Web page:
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René Magritte (1898-1967)
Artist's Resale Right ("Droit de Suite"). Artist's… Read more
René Magritte (1898-1967)

La femme du maçon

René Magritte (1898-1967)
La femme du maçon
signed 'Magritte' (lower left); inscribed 'La femme du maçon' (on the reverse)
oil on canvas
13¾ x 16 1/8 in. (35 x 41 cm.)
Painted in 1958
Alexander Iolas, Paris, by whom acquired from the artist.
Private collection, by whom acquired from the above in the mid-1960s.
Galleria La Medusa, Rome.
Acquired from the above by the present owner in 1971.
L. Scutenaire, 'L'ouevre peint de René Magritte', in Savoir et beauté, La Louvière, 1961, p. 2418.
Le fait accompli, no. 34-35, Brussels, April 1970 (illustrated).
J. Vovelle, Le Surréalisme en Belgique, Brussels, 1972, (illustrated p. 126).
D. Slyvester (ed.), René Magritte, Catalogue Raisonné, Oil Paintings, Objects and Bronzes 1949-1967, vol. III, London, 1993, no. 892 (illustrated p. 302).
R. Hughes, The Portable Magritte, New York, 2002 (illustrated p. 345).
Rotterdam, West-Flandre Hainaut, December 1958 - January 1959.
Brussels, Musée d'Ixelles, Magritte, April - May 1959, no. 106.
Paris, Galerie Rive Droite, René Magritte, February - March 1960, no. 8.
Houston, University of St. Thomas, Constant Companions, October 1964 - February 1965, no. 282.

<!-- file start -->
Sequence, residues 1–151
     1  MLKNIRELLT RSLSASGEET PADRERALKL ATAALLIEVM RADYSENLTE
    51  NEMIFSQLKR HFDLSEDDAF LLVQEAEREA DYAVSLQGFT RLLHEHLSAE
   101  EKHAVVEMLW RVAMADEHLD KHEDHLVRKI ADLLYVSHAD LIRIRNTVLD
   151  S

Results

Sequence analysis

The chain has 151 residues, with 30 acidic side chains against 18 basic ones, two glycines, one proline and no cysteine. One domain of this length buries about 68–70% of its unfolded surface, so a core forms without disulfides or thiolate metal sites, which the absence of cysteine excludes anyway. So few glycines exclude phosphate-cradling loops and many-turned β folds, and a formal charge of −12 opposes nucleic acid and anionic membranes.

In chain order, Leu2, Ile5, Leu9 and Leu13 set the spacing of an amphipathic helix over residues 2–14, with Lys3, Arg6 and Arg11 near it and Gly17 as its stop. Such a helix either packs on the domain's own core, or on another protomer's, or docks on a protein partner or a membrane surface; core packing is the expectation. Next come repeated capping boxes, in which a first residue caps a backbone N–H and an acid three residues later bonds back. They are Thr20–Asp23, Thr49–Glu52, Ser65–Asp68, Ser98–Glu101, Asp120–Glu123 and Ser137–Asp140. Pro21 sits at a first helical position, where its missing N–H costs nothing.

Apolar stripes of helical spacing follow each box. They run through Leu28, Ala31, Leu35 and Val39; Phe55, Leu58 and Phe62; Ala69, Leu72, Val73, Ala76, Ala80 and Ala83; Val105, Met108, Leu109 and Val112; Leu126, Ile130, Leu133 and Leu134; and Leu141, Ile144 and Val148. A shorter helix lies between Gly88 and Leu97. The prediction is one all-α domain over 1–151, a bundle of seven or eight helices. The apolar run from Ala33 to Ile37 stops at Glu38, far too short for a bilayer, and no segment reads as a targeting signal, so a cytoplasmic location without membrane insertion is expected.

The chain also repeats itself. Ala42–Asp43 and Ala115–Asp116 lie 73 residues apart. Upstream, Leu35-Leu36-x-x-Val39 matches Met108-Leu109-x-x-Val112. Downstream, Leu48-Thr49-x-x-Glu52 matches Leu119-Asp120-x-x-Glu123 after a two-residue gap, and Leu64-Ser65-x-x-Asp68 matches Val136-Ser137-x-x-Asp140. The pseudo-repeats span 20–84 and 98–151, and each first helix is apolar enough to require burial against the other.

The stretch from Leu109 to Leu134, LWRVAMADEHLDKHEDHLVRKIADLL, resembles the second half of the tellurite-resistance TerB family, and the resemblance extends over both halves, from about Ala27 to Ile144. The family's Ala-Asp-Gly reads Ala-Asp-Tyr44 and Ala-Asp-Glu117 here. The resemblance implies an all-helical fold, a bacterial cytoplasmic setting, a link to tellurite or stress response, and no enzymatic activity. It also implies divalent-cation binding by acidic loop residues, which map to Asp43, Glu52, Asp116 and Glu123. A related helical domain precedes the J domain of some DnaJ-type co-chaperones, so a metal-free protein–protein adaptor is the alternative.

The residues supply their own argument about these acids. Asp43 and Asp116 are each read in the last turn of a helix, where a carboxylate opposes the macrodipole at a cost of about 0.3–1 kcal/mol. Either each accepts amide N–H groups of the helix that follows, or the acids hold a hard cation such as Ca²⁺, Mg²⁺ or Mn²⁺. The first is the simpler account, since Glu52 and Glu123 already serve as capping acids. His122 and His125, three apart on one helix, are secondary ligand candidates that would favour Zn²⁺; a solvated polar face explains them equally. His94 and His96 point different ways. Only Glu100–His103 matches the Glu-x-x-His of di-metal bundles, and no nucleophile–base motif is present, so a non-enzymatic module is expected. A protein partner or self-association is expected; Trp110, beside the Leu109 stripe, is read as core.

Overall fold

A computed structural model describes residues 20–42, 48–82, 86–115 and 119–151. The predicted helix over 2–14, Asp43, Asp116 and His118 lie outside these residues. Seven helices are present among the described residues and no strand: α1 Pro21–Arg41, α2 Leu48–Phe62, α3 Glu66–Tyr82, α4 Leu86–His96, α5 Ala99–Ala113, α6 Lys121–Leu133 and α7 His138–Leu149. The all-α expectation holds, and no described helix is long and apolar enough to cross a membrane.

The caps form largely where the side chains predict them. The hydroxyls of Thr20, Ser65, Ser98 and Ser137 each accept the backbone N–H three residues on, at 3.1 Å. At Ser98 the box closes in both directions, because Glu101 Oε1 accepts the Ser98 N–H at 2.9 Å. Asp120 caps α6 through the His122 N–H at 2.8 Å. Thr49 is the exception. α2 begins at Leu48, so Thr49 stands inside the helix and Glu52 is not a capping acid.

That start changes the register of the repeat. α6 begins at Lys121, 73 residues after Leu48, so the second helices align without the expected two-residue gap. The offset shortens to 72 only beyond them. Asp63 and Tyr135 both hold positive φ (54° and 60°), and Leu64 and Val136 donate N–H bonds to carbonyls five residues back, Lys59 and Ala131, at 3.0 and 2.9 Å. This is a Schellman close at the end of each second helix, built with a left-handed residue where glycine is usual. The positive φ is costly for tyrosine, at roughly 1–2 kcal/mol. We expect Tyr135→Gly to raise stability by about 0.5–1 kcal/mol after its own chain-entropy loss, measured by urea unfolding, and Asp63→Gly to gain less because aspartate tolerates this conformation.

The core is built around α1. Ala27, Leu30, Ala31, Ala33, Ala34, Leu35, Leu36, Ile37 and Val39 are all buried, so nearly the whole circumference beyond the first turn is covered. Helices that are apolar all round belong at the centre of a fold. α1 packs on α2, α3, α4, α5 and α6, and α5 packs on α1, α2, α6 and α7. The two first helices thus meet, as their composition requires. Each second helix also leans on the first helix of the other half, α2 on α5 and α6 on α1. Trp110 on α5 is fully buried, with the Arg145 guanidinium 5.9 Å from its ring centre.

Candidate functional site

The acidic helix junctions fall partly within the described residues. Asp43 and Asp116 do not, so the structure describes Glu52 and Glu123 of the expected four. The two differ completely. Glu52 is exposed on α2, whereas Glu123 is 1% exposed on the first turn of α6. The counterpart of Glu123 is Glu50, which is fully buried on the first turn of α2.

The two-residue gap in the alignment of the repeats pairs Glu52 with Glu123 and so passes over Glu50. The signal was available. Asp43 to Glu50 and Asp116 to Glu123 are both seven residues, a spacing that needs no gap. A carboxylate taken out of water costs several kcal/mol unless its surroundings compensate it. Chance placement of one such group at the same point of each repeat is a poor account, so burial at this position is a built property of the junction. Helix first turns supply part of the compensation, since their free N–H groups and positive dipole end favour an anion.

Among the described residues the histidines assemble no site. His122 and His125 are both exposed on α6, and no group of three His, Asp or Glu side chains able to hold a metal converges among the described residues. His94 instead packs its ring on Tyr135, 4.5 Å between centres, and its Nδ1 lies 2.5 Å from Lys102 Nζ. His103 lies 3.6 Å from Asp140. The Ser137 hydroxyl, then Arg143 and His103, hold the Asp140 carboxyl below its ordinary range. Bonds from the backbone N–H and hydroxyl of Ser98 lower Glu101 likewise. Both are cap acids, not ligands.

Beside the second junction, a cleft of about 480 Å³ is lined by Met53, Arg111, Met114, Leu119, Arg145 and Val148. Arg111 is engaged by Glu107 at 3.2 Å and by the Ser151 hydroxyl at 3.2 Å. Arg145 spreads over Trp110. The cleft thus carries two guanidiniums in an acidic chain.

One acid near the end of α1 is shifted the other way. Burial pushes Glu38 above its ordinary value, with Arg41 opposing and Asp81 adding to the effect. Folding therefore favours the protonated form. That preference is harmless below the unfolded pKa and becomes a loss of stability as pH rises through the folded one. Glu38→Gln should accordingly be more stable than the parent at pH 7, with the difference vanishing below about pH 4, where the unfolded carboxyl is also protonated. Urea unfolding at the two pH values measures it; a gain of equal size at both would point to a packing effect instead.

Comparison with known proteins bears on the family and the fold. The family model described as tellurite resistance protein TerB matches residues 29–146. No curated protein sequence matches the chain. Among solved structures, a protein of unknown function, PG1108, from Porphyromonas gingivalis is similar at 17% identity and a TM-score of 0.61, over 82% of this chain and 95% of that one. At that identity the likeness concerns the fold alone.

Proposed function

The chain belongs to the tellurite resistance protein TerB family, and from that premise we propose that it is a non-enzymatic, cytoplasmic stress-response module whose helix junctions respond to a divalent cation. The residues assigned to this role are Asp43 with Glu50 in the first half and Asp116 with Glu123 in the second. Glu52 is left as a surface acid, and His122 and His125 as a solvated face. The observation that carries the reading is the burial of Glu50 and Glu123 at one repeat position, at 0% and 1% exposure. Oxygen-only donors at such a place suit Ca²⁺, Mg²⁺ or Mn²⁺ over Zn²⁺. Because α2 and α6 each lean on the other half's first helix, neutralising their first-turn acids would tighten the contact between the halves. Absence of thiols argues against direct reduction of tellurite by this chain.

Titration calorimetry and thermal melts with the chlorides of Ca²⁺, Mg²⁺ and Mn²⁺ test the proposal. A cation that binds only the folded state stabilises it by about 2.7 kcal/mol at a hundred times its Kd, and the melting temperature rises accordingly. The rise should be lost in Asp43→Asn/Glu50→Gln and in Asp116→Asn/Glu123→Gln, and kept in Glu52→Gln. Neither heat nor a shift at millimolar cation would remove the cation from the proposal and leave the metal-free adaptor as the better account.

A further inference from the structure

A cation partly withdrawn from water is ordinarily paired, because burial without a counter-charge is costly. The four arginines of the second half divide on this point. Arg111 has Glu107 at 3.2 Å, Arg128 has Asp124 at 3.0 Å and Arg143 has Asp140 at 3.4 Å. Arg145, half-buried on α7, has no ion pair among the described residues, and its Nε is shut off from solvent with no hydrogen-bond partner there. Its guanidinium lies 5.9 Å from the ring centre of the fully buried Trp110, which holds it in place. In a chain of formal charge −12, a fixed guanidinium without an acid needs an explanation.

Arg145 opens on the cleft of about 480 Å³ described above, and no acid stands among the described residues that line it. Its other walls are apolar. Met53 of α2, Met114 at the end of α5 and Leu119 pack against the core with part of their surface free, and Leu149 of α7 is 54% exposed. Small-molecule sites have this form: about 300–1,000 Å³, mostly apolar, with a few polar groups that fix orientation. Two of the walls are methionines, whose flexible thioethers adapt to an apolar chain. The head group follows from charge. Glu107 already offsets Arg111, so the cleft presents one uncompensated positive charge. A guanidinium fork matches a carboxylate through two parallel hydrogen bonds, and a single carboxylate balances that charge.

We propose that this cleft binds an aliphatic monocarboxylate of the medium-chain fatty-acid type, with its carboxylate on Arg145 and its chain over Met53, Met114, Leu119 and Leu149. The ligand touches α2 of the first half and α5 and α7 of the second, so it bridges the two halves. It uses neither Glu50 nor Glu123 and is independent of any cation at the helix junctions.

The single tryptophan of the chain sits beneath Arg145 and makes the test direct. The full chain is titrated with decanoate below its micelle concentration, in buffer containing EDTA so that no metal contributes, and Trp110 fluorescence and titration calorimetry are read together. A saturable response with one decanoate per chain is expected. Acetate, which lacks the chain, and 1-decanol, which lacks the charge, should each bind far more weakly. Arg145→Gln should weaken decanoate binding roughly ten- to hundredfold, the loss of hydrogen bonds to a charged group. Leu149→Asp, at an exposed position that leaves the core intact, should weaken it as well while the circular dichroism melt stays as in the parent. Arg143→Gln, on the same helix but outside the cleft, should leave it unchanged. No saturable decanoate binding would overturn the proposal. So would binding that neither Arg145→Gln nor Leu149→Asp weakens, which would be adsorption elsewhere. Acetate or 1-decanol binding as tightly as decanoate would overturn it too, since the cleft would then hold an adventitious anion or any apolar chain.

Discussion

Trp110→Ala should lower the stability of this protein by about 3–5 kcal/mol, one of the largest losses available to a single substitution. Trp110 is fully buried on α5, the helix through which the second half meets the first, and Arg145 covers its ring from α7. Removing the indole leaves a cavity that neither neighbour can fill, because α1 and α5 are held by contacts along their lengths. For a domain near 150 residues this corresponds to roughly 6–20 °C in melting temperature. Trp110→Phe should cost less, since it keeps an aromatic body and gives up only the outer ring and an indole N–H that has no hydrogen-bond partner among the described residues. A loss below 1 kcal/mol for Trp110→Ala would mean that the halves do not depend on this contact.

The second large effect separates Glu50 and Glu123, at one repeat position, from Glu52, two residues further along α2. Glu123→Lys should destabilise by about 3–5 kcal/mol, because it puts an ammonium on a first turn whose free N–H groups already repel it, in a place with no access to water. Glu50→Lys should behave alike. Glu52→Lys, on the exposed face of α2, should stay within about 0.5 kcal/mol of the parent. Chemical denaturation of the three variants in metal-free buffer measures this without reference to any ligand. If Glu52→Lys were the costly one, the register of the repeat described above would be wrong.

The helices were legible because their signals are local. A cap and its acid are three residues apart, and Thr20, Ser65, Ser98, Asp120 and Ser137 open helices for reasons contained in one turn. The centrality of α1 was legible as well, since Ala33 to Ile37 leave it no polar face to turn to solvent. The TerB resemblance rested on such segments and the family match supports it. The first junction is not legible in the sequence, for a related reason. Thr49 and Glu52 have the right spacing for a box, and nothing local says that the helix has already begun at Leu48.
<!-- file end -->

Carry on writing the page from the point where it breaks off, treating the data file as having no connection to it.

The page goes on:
Rome, Galleria La Medusa, Maestri Europei, 1971, no. 19 (illustrated).
New York, Davlyn Gallery, Magritte, November 1974 - January 1975, no. 10.
Cincinnati, Taft Museum, René Magritte, 1977.
Barcelona, Fundació Joan Miro, Magritte, 1998-1999 (illustrated).
Special notice

Artist's Resale Right ("Droit de Suite"). Artist's Resale Right Regulations 2006 apply to this lot, the buyer agrees to pay us an amount equal to the resale royalty provided for in those Regulations, and we undertake to the buyer to pay such amount to the artist's collection agent.
VAT rate of 5% is payable on hammer price and at 20% on the buyer's premium.

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Annemijn van Grimbergen

Lot Essay

René Magritte's unique vision was in part based on his unceasing investigation of the way that we experience the world, and the way in which we see it. Nowhere is this fascination with the act of seeing more clear than in La femme du maçon, painted in 1958. This picture, which featured in a string of exhibitions during the artist's own lifetime, shows a woman in profile staring at a large floating leaf. Her eye, though, has been shown as vast, taking up most of her face, magnified to a fantastic and absurd degree. In this way, Magritte has created a miniature manifesto, a treatise on the act of seeing.

Magritte contemplated several variations upon the theme, creating drawings which showed a face staring with its outsized eye at the moon, a bird and a floating stone. During the course of 1958, Magritte had written to his friends the Copleys discussing the idea for this picture: 'For some time now I have been thinking of this face. In a recent painting it is looking at the leaf of a tree. But in addition Scutenaire has thought of the title "The Mason's Wife" for this picture' (Magritte, letter to the Copleys, circa 18 July 1958, quoted in D. Sylvester (ed.), S. Whitfield & M. Raeburn, René Magritte Catalogue Raisonné, Vol. III, London, 1993, p. 302). William Copley, an artist in his own right, had also run a short-lived gallery space in Beverly Hills which had important exhibitions of various Surrealists including Magritte a decade earlier.

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